Free DD Day Masterclasses Celebrate Legacy Of Delia Derbyshire

Delia Derbyshire Day (DD Day), a non-profit dedicated to preserving the legacy of pioneering electronic musician and synthesist Delia Derbyshire, has announced a series of free masterclasses.

The DD Day 2021 masterclass series will take place on the first Wednesday of every month, from July to November 2021.They will take place on Zoom from 19:30-2100 UK time.

These expert talks are free to attend, but reservations are required and limited to 100 attendees.

Here’s what they have to say about it:

“The overall theme for this year is imagination – how Delia overcame barriers and limitations and how we have had to do that over the last year or so. We will be referring to Delia’s archive, work and the creative approaches she and the pioneers of her time employed.

We’ll start with a bit of chat/interview with the host and link to Delia in general. Then there will be a more detailed presentation by the guest, unpacking something they want to focus on, offering insight and inspiration. Ending with discussion with host and live Q&A.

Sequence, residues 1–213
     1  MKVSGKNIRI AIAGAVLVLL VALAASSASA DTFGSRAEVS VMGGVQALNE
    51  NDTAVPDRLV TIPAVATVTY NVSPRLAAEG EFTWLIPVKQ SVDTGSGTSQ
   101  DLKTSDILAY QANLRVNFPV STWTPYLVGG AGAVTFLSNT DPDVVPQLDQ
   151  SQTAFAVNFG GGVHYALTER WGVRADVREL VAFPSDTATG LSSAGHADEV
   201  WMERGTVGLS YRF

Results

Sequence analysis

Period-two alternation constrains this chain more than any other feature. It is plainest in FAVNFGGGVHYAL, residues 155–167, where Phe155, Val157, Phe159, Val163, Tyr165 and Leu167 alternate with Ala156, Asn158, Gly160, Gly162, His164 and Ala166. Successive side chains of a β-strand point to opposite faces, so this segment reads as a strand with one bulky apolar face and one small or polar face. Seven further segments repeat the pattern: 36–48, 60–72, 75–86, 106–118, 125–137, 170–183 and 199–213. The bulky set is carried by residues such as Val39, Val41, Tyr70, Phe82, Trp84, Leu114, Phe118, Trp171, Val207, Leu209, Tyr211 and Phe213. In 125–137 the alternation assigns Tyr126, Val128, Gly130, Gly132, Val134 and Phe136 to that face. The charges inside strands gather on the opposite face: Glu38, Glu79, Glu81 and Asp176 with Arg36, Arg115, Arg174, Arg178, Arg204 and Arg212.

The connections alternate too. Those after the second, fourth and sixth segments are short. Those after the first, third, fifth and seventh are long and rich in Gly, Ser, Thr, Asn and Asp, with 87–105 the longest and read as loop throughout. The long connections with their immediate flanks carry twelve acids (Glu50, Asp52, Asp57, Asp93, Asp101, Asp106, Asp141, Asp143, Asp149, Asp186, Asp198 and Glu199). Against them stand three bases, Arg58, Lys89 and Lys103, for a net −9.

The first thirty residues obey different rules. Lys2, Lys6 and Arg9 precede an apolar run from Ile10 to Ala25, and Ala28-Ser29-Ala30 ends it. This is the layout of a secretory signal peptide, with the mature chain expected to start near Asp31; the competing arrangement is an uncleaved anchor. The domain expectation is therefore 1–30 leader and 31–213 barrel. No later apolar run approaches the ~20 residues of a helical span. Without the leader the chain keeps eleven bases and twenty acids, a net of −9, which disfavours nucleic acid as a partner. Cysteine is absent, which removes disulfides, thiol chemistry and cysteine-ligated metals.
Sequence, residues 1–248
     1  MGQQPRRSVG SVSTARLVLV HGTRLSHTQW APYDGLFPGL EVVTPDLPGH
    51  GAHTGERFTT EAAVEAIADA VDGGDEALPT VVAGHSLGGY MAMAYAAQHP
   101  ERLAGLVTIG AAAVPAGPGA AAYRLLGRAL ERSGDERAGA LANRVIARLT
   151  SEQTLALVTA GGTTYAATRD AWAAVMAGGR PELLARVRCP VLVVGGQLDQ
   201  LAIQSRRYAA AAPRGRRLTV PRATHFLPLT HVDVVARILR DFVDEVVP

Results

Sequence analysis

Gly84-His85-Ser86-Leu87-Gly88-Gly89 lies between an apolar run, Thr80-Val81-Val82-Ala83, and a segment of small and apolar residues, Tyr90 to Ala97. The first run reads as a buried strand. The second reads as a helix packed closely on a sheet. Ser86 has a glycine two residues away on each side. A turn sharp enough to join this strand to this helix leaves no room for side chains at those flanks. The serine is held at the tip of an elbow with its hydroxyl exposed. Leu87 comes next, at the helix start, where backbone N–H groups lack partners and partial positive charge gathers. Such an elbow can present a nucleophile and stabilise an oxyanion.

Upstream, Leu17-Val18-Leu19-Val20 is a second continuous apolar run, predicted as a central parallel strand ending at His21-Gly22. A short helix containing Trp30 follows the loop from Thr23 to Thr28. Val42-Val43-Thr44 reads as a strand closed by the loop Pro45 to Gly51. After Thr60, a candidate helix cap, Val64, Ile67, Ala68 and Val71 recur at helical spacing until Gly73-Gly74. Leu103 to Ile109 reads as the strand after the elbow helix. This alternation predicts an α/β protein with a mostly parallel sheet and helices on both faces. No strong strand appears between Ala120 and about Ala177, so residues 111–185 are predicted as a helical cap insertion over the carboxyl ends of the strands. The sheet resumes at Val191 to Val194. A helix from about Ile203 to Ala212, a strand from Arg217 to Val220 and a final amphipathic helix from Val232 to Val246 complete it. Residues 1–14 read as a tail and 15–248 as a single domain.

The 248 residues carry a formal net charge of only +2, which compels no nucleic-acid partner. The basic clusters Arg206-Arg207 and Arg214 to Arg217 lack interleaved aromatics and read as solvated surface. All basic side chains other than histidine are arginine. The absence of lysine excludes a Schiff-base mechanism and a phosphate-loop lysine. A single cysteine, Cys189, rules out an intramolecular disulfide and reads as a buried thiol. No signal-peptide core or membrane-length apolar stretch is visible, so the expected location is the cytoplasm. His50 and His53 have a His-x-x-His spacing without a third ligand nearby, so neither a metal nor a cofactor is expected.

We have a live captioner for each event. Please tell us of any access needs when you book your ticket through Eventbrite.”

See the DD Day site for details.

 

6 thoughts on “Free DD Day Masterclasses Celebrate Legacy Of Delia Derbyshire

  1. Delia had the courage to make melodic Electronica alongside so called “serious” Electronica.

    Where Karlheinz Stockhausen, Ianis Xenakis were chicken :
    oh what will my peers academics think if I don’t make so called “serious” Electronica : cry babies.

    Thousands of Electronic musicians including 1970s Electronic pioneers
    were inspired by Delia’s Dr Who theme Electronic rendition 1963 (Ron Grainger composer).
    It is the single most influential track in Electronic music history.

    1. I thoroughly respect those artists for sticking with their styles and not changing just to suit the times.

      I can think of countless times throughout history that artists DID make their music more palatable to a mainstream audience and their stuff was worse off for it.

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